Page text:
Ten of a Kind (2000) is subtitled both Symphony No. 2 and Concerto for Ten Clarinets and Wind Ensemble, with Rakowski following Kalevi Aho in conflating the two historically distinct genres (an apologia for this is given by the annotator in the notes). The clarinet group is treated somewhat like a baroque concertino, with the massed sonority giving the work a strangely hollow glow, but not especially changing the symphonic band color, which is so often dominated by massed clarinet sonority anyway. The piece is in four densely-packed movements. The language is sophisticated academic Americana, intermingling jazz attitude with intricate post-serial machinations. The opening movement ("Labyrinth") is chattering and angular with aviary nods to Messiaen. II. ("Song Stylings"), written first and conaining material for the other movements, is mushy, slow symphonic band lyricism numbingly dull and academic despite the composer's sense for the long line. I can see the captive concert band crowd squirming. III. ("Yoikes and Away") might wake them up -- the opening jazzy section, intensely virtuosic, is followed by a relaxed and fluid trio and then neatly tied up with a complex and eventually sizzling recap. IV. ("Martian Counterpoint") is yet another jazzy scherzo, bringing back previous material and leading to an oddly unassuming conclusion. I'm normally not a fan of the symphonic band literature, but I can easily report that this is a serious and impeccably crafted contribution, though demanding for players and audience alike. I do admire Rakowski's uncompromising stance. The performance by Col. Timothy Foley's US Marine Band is absolutely flawless.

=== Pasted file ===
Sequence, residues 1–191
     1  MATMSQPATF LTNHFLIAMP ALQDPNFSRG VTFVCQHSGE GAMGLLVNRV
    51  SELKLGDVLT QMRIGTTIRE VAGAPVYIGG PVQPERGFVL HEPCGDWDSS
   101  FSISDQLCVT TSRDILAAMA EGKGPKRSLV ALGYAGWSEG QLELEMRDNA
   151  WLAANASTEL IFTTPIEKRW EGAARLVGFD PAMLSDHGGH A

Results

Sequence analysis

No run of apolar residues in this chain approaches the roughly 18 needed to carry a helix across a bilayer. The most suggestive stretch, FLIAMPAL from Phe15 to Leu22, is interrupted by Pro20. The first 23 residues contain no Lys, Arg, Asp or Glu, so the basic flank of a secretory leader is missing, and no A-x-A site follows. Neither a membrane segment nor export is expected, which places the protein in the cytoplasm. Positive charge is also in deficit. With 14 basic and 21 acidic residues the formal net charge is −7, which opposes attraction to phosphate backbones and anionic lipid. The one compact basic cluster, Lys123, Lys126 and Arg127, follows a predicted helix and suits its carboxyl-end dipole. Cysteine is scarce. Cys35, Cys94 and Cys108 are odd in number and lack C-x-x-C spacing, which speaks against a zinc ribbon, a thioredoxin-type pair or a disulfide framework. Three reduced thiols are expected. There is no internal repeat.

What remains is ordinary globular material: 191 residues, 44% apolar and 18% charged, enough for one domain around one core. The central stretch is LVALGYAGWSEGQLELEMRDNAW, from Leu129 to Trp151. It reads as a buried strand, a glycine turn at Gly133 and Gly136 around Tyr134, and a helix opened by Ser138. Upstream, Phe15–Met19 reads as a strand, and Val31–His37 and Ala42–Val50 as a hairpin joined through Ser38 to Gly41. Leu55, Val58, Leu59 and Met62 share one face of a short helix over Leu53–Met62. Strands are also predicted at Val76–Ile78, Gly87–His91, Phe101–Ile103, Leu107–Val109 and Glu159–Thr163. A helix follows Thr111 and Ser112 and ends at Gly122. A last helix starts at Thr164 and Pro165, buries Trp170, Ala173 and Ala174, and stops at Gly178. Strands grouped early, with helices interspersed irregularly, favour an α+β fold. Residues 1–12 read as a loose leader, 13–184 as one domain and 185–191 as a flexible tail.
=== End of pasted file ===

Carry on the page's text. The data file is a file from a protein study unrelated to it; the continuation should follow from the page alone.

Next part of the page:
Mento (1995) is a brief three movement set (a short divertimento -- hence the title) for clarinet and piano, written for the composer's talented wife, Beth Wiemann, who plays it here with humor and conviction (I noticed that the timing is off for III. It should read 1:40).
Cerberus (1992) was also written for Ms. Wiemann. It's a triple clarinet concerto in four continuous movements, the three clarinets depicting the mythological multi-headed dog that guards the entrance to Hades. The picture fits well with the long, sinuous lines that form the trios in I. and III.. The remaining musical argument is typically lively and exuberant.
Rakowski's work is skillful and highly impressive, though its often clotted language places considerable demands on listener and performer. He is definitely to be regarded as a leading light for the baby boomer American modernist generation. -- Allen Gimbel, American Record Guide, January-February 2005.
Having responded very favorably to David Rakowski's first volume of études, I can recommend this second installment without hesitation. As with the first set, there are times when a stronger melodic profile might have been welcome, where the music's didacticism gets in the way of sheer expressive nuance, but these are relatively few and far between, and most of this stuff is delightful. There are études based on intervals, such as No. 37 (Taking the Fifths), No. 39 (Sixth Appeal), and No. 32 (Boogie Ninths). E-Machines (No. 1) is a dazzling study in repeated notes; Pollici e mignoli, or The Virus That Ate New York (No. 9) is written for thumbs and pinkies alone, and describes a tiny rhythmic cell that gradually devours the entire melodic line.